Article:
A US Forest Service ranger was charged with starting the Colorado fire that has burned more than 100,000 acres and destroyed 22 homes. Federal prosecutors said forestry technician Terry Barton illegally started the blaze June 8 by burning a letter from her estranged husband in a camp fire. She was initially credited with alerting authorities to the fire but later admitted responsibility. If convicted, she could face 10 years in prison and a $250,000 fine.

Lawyers for American-born Taliban fighter John Walker Lindh argued that his case should be dismissed on grounds that he cannot receive a fair trial anywhere in the US. As an alternative, they were expected to argue at an appearance in federal court in Alexandria, Va. on behalf of their motion to transfer the case to northern California. They contend an unbiased jury cannot be culled at the Virginia courthouse, which is fewer than 10 miles from the site of the Sept. 11 terrorist attack on the Pentagon.

Missionaries, politicians, and other solicitors do not need permission from local authorities before knocking on doors, the Supreme Court ruled. The justices struck down an Ohio town's ordinance requiring solicitors to obtain permission before visiting houses as an imposition on free-speech rights. In a separate decision, the high court ruled police looking for drugs or evidence of other crimes do not first have to inform passengers on public transit systems of their rights. (Story, page 1)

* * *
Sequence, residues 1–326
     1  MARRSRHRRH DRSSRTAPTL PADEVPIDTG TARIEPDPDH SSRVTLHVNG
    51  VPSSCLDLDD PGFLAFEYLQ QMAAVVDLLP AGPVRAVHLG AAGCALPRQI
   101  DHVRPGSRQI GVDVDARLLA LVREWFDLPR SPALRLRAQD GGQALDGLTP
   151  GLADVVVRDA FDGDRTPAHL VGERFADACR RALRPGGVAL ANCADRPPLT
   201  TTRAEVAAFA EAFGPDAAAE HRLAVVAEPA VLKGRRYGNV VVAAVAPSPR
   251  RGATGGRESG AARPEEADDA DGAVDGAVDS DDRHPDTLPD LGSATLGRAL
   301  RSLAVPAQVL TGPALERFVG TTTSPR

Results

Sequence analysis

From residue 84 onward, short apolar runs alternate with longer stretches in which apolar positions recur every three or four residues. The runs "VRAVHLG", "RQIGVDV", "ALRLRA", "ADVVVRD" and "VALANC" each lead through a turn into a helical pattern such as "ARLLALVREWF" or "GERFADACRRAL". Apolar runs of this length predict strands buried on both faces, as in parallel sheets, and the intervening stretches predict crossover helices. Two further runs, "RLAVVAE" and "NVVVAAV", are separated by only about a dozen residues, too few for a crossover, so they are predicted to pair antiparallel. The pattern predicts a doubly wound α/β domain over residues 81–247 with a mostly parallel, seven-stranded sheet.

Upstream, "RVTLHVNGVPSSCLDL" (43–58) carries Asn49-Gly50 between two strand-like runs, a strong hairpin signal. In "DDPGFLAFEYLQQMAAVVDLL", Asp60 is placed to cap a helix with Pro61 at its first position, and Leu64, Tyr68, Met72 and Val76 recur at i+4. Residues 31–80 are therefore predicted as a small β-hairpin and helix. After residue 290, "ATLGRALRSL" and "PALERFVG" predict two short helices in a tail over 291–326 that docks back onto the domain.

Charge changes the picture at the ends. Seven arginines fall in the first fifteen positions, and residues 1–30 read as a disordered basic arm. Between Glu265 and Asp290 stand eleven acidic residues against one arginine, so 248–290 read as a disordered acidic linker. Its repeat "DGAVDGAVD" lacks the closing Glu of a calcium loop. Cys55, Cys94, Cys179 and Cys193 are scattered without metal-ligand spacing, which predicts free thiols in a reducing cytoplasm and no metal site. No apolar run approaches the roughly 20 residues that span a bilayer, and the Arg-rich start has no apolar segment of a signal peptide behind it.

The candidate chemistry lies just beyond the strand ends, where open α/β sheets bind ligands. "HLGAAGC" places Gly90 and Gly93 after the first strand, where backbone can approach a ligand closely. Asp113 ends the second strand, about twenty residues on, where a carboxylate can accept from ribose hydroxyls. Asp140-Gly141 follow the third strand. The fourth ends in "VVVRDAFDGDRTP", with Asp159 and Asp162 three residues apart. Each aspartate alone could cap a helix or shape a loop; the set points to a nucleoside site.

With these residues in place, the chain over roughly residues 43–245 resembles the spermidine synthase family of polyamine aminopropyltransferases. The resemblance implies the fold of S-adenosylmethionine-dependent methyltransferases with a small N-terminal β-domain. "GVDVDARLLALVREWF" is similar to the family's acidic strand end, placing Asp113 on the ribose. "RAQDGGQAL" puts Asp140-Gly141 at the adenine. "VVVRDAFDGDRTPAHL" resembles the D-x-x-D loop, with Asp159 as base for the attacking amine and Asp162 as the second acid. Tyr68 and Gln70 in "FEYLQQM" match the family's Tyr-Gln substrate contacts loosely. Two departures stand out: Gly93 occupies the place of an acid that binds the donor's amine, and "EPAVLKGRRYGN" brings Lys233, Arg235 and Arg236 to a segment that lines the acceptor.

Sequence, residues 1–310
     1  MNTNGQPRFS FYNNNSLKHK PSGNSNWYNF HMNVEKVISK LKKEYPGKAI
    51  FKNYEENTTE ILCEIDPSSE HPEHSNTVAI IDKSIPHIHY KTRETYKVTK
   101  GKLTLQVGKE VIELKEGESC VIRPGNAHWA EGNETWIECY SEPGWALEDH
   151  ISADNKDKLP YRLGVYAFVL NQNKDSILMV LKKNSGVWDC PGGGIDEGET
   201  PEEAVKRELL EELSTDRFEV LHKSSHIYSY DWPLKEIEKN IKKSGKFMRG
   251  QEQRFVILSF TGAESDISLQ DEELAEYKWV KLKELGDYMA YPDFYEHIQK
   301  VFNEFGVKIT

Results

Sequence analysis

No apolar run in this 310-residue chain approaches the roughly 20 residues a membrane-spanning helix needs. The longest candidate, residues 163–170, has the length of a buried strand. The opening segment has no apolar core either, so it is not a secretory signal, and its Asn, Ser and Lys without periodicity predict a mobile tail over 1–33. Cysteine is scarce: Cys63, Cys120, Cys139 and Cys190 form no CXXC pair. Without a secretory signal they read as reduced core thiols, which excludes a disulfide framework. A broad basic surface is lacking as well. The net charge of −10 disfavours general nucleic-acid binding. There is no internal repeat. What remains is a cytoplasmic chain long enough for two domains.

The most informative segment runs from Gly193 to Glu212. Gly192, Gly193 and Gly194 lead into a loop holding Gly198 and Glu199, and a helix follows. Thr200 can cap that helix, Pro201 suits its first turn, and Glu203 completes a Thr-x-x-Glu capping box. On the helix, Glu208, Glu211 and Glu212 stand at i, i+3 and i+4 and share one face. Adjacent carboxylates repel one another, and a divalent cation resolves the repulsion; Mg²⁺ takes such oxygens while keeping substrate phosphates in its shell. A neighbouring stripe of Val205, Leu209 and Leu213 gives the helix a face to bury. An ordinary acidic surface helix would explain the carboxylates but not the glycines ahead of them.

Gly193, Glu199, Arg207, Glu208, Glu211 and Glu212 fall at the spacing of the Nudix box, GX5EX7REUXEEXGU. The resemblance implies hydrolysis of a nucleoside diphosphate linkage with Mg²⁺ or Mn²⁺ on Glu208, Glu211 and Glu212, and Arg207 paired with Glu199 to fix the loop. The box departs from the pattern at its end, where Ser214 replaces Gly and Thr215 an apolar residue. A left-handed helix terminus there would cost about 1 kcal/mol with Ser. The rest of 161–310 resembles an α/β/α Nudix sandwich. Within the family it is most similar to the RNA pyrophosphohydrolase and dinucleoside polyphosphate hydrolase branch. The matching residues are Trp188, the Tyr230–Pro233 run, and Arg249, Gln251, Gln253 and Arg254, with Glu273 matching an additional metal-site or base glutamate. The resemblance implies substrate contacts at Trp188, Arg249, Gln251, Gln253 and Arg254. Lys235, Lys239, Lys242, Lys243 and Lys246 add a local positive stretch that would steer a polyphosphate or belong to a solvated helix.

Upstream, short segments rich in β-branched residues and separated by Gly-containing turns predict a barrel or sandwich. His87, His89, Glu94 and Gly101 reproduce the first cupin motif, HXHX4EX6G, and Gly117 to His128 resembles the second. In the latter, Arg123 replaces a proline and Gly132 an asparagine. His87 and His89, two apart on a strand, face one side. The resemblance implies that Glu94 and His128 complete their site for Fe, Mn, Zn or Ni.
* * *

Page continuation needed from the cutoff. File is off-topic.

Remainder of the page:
The US soccer team advanced to the World Cup quarterfinals for the first time since 1930. In a stunning upset, the Americans shut out Mexico 2-0 Sunday in Chonju, South Korea. They will next face Germany on Friday. (Story, page. 1)

Tiger Woods won the US Open golf tournament by three strokes Sunday in Bethpage, N.Y. He became the first professional since Jack Nicklaus 30 years ago to win the first two major championships of the season.

The Watergate break-in's 30th anniversary reignited debate over the identity of "Deep Throat," the Washington Post source who helped to topple Richard Nixon's presidency. In an e-book published on the website, ex-White House counsel John Dean says he believes the source may be Nixon aides Pat Buchanan, Steve Bull, speechwriter Ray Price, or press secretary Ron Ziegler. Reporters Bob Woodward (above, l., appearing on NBC's "Meet the Press") and Carl Bernstein (r.) still refuse to divulge the identity of their secret source. (Story, page 1.)

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